The first thing we did was the one thing we had been warned about. We entered the secret room. The shopkeeper said that he kept all the good bags in the back. To get through there, we went through a small door in the rear of the shop, through an antechamber with walls all made of mirrors, and into a narrow room with the lauded purses. The negotiation intensified quickly. The price was shouted louder, even if it did not go lower. From nowhere a second man appeared, standing behind me. The shouting went back and forth and I started to get nervous. Another Haas student had come with me, and we towered over these small Chinese men, but they were aggressive. I decided I did not want the bag and told the men. They remained unconvinced. After 5 minutes of practiced negotiations, we were able to get out of the secret room and get on with our shopping.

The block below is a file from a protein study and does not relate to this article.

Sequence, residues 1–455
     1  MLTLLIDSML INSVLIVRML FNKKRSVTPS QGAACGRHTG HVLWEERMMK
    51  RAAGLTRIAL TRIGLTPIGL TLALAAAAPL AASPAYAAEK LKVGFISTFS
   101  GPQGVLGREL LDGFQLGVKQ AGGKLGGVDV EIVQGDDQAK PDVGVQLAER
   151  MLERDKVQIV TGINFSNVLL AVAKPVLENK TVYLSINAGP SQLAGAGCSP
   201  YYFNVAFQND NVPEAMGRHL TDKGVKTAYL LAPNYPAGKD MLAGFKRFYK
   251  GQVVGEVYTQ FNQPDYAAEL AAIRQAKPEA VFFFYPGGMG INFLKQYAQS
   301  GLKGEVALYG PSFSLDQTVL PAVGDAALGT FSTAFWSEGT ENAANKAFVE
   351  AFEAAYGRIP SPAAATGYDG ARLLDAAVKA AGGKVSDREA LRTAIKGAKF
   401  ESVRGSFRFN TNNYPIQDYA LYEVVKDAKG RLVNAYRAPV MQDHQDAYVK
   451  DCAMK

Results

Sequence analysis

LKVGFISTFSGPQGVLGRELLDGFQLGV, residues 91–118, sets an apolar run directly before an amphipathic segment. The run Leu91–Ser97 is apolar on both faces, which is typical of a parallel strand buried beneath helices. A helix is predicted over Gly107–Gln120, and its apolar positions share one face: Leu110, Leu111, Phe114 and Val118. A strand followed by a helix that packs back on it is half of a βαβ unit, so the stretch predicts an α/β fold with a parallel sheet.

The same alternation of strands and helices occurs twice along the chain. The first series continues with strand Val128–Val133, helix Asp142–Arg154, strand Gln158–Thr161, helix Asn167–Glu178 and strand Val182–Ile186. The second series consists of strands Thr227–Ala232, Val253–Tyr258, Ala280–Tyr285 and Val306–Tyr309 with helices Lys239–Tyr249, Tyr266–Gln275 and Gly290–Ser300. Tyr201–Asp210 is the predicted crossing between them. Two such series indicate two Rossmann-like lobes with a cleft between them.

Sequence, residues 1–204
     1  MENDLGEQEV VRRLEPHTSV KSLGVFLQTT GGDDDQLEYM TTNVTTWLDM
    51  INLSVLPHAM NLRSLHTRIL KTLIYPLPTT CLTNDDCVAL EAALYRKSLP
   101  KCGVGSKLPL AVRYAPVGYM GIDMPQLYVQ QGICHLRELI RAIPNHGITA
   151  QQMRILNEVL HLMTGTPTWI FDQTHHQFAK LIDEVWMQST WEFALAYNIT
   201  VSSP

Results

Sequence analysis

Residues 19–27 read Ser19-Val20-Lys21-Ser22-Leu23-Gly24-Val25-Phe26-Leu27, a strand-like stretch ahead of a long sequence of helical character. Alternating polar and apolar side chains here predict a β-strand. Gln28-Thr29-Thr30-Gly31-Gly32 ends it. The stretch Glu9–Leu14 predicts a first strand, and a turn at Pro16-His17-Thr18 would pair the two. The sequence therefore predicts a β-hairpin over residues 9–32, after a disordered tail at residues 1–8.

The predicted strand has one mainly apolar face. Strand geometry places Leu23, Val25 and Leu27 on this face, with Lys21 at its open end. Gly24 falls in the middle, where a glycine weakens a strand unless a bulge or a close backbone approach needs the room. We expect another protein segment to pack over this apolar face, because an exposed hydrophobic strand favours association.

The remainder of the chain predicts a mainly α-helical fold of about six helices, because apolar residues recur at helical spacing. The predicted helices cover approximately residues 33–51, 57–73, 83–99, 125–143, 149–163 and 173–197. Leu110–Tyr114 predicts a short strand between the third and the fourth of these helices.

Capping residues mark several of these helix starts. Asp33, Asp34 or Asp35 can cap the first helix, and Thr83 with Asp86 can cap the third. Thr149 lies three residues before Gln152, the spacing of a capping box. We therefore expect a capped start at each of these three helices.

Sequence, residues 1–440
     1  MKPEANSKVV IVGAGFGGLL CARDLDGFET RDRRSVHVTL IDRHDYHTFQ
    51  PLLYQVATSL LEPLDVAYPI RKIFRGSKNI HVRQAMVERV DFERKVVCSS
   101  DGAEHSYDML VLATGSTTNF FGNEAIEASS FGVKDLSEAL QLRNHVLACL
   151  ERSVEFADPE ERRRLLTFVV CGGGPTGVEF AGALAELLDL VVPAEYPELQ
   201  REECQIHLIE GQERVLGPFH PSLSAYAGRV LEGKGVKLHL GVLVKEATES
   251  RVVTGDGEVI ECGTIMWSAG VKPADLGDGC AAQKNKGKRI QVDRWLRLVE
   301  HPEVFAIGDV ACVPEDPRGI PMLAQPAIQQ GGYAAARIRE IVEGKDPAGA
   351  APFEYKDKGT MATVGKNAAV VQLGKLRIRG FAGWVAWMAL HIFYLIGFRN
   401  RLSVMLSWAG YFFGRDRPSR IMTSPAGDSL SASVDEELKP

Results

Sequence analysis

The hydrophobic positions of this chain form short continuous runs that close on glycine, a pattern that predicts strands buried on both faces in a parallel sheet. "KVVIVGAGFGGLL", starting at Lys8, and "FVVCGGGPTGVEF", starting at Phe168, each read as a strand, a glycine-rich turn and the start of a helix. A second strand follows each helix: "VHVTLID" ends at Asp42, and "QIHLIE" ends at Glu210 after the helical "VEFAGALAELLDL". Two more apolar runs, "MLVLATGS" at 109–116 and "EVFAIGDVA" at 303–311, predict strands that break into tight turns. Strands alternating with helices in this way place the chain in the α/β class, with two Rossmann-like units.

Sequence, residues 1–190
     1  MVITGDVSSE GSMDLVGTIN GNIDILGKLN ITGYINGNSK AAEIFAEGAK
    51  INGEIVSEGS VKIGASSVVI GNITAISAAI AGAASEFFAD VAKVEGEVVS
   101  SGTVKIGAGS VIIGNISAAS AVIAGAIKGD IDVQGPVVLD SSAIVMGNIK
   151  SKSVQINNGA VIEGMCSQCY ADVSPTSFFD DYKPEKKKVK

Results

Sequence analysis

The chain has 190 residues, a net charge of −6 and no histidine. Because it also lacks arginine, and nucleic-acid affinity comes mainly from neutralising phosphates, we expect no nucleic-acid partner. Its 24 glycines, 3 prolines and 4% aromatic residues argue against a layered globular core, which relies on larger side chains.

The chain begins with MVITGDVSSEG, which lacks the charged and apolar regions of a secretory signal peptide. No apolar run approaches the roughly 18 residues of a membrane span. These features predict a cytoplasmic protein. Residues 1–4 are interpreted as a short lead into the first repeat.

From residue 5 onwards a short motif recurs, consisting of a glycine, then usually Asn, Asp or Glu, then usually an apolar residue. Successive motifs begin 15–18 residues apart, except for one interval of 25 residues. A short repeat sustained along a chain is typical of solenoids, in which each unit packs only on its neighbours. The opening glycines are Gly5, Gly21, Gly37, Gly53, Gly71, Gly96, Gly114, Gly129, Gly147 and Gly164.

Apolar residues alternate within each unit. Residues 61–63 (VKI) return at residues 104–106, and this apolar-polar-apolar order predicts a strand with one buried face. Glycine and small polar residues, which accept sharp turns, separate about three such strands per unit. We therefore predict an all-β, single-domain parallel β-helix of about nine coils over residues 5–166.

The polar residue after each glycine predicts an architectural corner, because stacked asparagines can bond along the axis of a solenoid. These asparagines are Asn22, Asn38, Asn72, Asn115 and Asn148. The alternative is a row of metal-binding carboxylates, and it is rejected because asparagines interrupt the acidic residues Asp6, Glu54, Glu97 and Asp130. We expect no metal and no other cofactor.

Negotiating and understanding the culture was key to having an impact on SAP’s new product launch into the US. They knew the Chinese market well, but we had been brought in as consultants and ambassadors on the US small and medium business market. They were fantastic hosts, spending significant time with us helping us understand the depth of their product. They also took us to beers at the hot spots in Shanghai. We used design thinking to match our insights of the US market to the capabilities of the product to help them focus their development efforts on lighthouse customers to maximize their impact. This small but friendly team is taking on some established software players in the US.
It was a great experience to understand the growing software industry in China and the challenge of taking a new product to a new established market. The team has a lot of work ahead, but we hope that we were able to add some focus and clarity to the path to take. And the work ahead does not mean that we did not celebrate along the way. Ganbei!
-Team Red Dragons